In case you haven’t noticed, there are things happening at the University of Missouri. And of course, the Internet sprung forward in rapid response, particularly with the two hashtags: #InSolidarityWithMizzou and #ConcernedStudent1950. Let me be clear–I don’t mean to make light of the very real racism and prejudice that many people face every day, nor do I mean to comment on the protests happening on campus at the University of Missouri. All I’m looking at here is the reactions that I’ve seen pop up on social media, particularly in the form of Facebook posts.
The trend began with posts like these. Perhaps someone was sharing an article about the issue, or writing their own thoughts. It was in posts like these were I first started seeing widespread use of the two hashtags.
However, the posts all began to take the same form:
“To the students of color at Mizzou, we, student allies at the [SCHOOL NAME HERE], stand with you in solidarity. To those who would threaten their sense of safety, we are watching. #ConcernedStudent1950 #InSolidarityWithMizzou
Of course, each person was not writing their own statement. It was simply copy and pasted from another person’s post.
Some were targeted just at Mizzou, while others began to include other school and locations in their list. Though the wording varied slightly, the bulk of the message remained entirely unchanged:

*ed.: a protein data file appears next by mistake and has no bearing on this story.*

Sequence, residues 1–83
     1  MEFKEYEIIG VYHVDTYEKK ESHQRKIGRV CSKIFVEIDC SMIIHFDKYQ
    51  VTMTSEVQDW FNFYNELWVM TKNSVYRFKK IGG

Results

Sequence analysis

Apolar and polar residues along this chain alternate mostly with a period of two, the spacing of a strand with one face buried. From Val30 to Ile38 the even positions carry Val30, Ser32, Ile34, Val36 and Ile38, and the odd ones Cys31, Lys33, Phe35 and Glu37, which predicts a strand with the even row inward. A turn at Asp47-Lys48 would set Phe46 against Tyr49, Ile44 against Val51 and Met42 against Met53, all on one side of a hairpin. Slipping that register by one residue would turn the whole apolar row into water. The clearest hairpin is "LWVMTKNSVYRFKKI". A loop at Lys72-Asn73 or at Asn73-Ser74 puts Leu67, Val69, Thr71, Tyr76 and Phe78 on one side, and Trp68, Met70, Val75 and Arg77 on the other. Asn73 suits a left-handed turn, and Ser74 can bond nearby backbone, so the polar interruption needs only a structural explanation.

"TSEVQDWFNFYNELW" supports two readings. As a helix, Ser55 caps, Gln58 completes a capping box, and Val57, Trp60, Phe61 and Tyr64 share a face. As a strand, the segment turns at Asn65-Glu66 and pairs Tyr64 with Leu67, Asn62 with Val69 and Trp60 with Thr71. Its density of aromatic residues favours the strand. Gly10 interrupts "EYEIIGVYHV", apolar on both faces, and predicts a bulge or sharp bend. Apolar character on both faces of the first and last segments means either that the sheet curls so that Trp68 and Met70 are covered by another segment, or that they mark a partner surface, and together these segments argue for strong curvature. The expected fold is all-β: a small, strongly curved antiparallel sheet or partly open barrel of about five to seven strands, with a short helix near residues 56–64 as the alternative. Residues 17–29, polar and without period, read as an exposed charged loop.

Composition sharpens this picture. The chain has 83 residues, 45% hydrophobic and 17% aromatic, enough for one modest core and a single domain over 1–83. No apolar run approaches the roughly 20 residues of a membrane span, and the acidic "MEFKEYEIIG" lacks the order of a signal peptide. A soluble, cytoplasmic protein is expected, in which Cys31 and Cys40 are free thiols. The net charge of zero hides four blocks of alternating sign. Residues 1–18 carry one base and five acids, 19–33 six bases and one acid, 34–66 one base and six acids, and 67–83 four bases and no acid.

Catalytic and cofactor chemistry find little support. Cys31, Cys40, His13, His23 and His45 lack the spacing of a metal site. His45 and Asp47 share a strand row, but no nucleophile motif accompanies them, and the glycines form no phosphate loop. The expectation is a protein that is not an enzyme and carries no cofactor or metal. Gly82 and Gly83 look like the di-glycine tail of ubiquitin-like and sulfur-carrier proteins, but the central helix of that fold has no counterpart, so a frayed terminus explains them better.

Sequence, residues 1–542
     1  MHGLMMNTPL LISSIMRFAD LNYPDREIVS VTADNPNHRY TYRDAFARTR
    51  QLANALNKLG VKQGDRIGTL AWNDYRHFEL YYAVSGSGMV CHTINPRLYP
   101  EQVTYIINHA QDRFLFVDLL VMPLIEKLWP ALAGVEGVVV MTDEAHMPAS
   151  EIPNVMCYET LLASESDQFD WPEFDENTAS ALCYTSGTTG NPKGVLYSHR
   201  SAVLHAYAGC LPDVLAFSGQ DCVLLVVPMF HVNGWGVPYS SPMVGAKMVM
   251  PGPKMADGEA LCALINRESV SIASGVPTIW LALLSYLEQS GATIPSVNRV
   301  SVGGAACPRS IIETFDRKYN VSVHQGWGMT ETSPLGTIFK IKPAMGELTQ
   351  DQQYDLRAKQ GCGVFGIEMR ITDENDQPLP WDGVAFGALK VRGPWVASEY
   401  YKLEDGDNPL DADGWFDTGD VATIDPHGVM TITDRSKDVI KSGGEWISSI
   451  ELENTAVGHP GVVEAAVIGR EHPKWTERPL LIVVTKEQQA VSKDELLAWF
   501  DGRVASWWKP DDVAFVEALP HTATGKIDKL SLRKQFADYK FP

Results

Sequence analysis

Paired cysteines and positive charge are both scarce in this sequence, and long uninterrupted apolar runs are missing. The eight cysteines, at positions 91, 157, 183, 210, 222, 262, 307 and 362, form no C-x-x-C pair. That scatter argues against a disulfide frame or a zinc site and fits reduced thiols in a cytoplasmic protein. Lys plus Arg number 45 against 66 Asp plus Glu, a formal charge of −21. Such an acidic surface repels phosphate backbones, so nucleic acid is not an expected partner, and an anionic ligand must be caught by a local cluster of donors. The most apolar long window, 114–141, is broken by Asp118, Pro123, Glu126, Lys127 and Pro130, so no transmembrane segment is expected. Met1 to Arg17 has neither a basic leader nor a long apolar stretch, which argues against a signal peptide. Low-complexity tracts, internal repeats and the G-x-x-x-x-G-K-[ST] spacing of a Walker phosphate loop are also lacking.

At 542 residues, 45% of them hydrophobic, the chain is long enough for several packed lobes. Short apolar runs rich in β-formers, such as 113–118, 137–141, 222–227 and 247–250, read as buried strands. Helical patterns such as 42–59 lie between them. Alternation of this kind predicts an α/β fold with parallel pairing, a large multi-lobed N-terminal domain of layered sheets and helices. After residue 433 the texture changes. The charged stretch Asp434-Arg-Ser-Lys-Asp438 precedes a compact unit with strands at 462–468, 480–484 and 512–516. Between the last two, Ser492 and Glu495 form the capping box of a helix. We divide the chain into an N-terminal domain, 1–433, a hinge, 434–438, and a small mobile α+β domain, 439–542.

It is worth noting that these early posts all started with the introductory statement “To the students of Color at Mizzou” or some variation thereof. But unless the person specifically set their post to be viewable by the entire public, only people they are friends with would be able to see it. So if the person didn’t have any MIzzou students on their friends list, the message wouldn’t actually get to them.
Was it really written to the students at Mizzou, or was it to their own group of friends—trying to prove that they do care and are doing something? Even if that something is just copy/pasting a Facebook post. Armchair activism at its finest.
Later posts have modified the wording slightly, but the core of the post remains the same. In some instances, the poster kept parts of the old wording, leading to situations where the syntax doesn’t quite work correctly. The conclusion seems to have remained unchanged: “To those who would threaten their sense of safety, we are watching.” The hashtags being used also remain the same.
So where do we go from here? Of course, student activism is an incredibly useful thing – people take notice once student groups begin to speak up. But it’s important to bear in mind that a good movement has to have a goal in mind, and real people taking real action. Just copying and pasting a status update is not real action.
Food for thought.
We have reached a great milestone in the progression of this message: the inclusion of the phrase “douche canoe”